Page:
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Gewählte Master / Diploma Thesis:

Florian Egger (2014): Temperature and moisture sensitivity of CH4 and N2O fluxes from European soils.
Master / Diploma Thesis - Institut für Bodenforschung (IBF), BOKU-Universität für Bodenkultur, pp 105. UB BOKU obvsg FullText

Data Source: ZID Abstracts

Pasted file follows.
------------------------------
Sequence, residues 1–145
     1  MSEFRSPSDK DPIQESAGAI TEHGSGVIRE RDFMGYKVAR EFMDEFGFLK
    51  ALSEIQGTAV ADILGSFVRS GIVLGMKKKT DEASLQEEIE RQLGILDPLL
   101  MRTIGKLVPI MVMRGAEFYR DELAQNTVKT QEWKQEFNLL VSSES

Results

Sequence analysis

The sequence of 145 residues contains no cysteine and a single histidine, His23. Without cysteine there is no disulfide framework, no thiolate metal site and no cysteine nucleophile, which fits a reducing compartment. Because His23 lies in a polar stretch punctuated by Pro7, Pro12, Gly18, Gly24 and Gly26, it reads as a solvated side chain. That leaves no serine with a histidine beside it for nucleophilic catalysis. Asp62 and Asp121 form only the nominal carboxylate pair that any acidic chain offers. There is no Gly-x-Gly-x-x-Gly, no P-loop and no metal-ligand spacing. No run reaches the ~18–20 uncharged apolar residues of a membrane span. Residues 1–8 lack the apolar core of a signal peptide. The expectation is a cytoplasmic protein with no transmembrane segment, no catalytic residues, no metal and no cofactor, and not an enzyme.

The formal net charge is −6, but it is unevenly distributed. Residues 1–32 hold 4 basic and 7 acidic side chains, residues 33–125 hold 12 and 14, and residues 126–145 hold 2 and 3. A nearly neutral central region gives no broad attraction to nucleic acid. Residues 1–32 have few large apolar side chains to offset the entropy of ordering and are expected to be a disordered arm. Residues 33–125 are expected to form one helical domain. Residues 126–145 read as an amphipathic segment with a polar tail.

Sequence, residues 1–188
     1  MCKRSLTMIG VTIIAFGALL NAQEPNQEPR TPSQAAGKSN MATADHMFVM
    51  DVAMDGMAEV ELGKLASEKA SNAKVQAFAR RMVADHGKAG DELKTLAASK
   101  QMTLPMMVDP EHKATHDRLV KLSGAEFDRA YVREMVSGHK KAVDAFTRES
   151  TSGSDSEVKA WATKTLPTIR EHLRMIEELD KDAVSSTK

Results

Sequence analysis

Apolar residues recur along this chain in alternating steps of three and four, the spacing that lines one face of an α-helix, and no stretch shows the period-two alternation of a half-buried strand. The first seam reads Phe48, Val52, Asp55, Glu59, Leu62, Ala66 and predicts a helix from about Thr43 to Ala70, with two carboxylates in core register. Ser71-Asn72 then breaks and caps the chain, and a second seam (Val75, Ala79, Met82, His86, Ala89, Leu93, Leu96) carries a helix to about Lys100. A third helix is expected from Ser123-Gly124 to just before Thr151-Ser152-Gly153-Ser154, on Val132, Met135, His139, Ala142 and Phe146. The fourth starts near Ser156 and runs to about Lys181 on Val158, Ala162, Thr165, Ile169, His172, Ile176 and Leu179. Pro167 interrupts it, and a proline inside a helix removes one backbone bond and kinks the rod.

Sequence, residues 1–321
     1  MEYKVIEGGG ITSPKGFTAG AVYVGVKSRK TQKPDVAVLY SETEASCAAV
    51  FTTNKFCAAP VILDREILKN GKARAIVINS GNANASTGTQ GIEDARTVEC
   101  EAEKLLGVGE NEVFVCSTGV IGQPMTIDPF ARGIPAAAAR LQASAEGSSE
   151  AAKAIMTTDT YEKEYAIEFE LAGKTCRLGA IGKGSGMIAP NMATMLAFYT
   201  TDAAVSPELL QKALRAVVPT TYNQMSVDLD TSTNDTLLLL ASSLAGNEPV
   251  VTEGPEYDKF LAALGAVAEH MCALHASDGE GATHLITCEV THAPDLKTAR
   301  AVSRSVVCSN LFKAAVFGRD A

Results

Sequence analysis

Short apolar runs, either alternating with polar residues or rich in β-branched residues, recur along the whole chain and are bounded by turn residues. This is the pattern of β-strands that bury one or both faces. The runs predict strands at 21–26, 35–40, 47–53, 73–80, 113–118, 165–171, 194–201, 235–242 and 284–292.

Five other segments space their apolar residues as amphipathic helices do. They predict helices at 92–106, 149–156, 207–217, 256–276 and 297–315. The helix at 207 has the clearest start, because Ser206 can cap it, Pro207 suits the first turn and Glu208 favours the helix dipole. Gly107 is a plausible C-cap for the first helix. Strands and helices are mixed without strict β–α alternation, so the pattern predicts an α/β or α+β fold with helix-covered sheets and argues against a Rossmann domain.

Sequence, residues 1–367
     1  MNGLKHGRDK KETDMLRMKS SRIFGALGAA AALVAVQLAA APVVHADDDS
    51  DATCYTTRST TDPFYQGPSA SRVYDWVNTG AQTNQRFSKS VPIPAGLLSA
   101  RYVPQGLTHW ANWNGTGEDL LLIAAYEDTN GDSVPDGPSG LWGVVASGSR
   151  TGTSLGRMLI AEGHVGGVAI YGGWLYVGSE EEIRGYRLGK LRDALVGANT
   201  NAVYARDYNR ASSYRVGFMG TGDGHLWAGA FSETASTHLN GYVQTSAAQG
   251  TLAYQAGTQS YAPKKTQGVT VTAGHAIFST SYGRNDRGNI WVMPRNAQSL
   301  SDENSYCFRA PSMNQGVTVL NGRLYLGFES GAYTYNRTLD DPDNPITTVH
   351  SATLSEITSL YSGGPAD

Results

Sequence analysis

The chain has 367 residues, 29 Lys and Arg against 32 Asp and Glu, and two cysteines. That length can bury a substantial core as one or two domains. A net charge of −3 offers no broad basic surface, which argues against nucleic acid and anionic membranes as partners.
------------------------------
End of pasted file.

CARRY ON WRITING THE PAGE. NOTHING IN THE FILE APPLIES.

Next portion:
Soils are important sources and sinks for greenhouse gases such as methane (CH4) and nitrous oxide (N2O). Gas emissions as well as gas uptake can be attributed to microbial activity in soils. These processes are known to be sensitive to climate change. As part of the ÈCLAIRE EU-project, we examined CH4 and N2O fluxes from different land use types to better predict future feed-back effects on climate change. The nine study sites cover the four main land use types in Europe, incubation temperature and soil moisture served as modifiable climate parameters. Gas chromatography was used to determine gas concentration and gas fluxes were estimated by regression analysis. Thereby we hypothesized that (1) CH4 and N2O fluxes differ between the selected land use types, (2) CH4 and N2O fluxes increase with increasing soil moisture and that (3) the temperature sensitivity of CH4 and N2O fluxes differs between land use types. Our results indicate that CH4 and N2O fluxes are significantly different in soils from cropland, peatland, grassland and forest. We found soil moisture to be the main factor regulating CH4 and N2O emissions, as an increase in moisture content resulted in an exponential increase of CH4 (R2=0.28, p=0.000, peatland, UK-AMo) and N2O (best fit: R2=0.68, p=0.000, forest, IT-BFo) emissions. In contrast, CH4 uptake had its optimum at medium moisture content, illustrated by a polynomial function (R2=0.18, p=0.000, forest, FI-Hyy). Temperature sensitivity of CH4 fluxes differed between the sites and between CH4 emission (Q10=52.5, peatland, UK-AMo) and CH4 oxidation (Q10=2.5, forest, IT-IFo). Temperature sensitivity of N2O fluxes in mixed broadleaf stands (Q10=2.5 and 4.9, respectively) was lower compared to coniferous stands (Q10=12.9). Additionally, we could prove that the implementation of an electronic crimper had a significant positive effect on the accuracy of the conducted method.

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